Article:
I met with a coach today who took me through her annual preparation for the new year. There were six steps, third step — dreaming, fourth step — goal setting. It was the first step that intrigued me — reflection and assessment. She literally takes a hard look at where she is for the purpose of becoming aware of discrepancies between her current location and where she wants to be.
The directories at the mall map out the entire place and then put a big red teardrop that says, “YOU ARE HERE.” She does that for herself, specifically looking at areas where she choses to be the victim. In this case, she defines a victim as someone who blames, excuses, and denies. A victor owns, is held accountable, and takes responsibility.
It sounds like asking ourselves:
Where do I believe bad things happened to me?
Where did I find reasons to give up?
Where did I put things off?
Where did I believe it was someone else’s fault?
She sifts though this kind of reflection until she finds a belief, a circumstance, and/or a relationship where she needs to overcome an obstacle of her own making.
This kind of assessment is not very glamorous. It’s not as exciting as vision boards and goal setting journals. However, it sets us up for the dreaming and strategizing in a way that brings real momentum and clear growth.
Dr Henry Cloud loves to tell the story of walking down the sidewalk on Broadway and falling into a deep hole. It was extremely deep and outrageously difficult to get out of. He worked and worked, climbed and fell, climbed again and worked again until finally he managed to get out of the hole. The next day he was walking down Broadway and fell in the same hole. It was dark and damp and deep and horrible. He worked and worked, climbed and fell, worked some more, thought he was never going to get out. Finally, he managed to get out of the hole. The next day he walked down Broadway and saw the hole before he got to it. He walked up to the hole and peered in. He stood right at the edge of the hole and looked at the depth of it. He was peering into the hole some time before he fell in. You already know it was near impossible for him to get out of the hole. The next day he walked down Main street.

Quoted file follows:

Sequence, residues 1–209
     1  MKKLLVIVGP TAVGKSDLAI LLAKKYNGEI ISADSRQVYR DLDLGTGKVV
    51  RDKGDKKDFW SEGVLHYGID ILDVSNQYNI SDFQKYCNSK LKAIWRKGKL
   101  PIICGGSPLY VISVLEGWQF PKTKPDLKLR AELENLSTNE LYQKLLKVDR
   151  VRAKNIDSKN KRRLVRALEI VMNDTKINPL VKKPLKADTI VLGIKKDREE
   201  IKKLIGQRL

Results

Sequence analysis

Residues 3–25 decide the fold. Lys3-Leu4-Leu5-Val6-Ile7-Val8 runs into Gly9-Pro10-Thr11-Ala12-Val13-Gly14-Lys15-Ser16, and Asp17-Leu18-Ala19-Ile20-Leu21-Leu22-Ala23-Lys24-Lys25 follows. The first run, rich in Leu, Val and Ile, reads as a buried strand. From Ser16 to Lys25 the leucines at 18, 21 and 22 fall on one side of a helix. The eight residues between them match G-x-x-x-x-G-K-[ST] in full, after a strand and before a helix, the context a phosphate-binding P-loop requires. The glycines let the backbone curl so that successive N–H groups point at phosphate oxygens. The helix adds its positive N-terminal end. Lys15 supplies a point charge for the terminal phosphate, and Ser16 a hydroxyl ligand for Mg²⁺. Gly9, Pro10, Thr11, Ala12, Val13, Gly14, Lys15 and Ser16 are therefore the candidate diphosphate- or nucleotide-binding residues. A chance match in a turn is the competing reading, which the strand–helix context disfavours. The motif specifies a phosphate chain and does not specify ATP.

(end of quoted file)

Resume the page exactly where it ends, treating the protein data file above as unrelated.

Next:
It would be so easy to blame the city for not giving good directives or the construction company for not putting up good barriers or the local businesses for not broadcasting warnings but we are only a victim if we choose to be. There are other options. We can own the route we are taking, hold ourself accountable for the decision we make, and take responsibility of the next steps. All of this is best done when we build in intentional reflection time. There is much to be gained by boldly asking ourselves where we chose to be a victim.
Reflect. Acknowledge. Grow.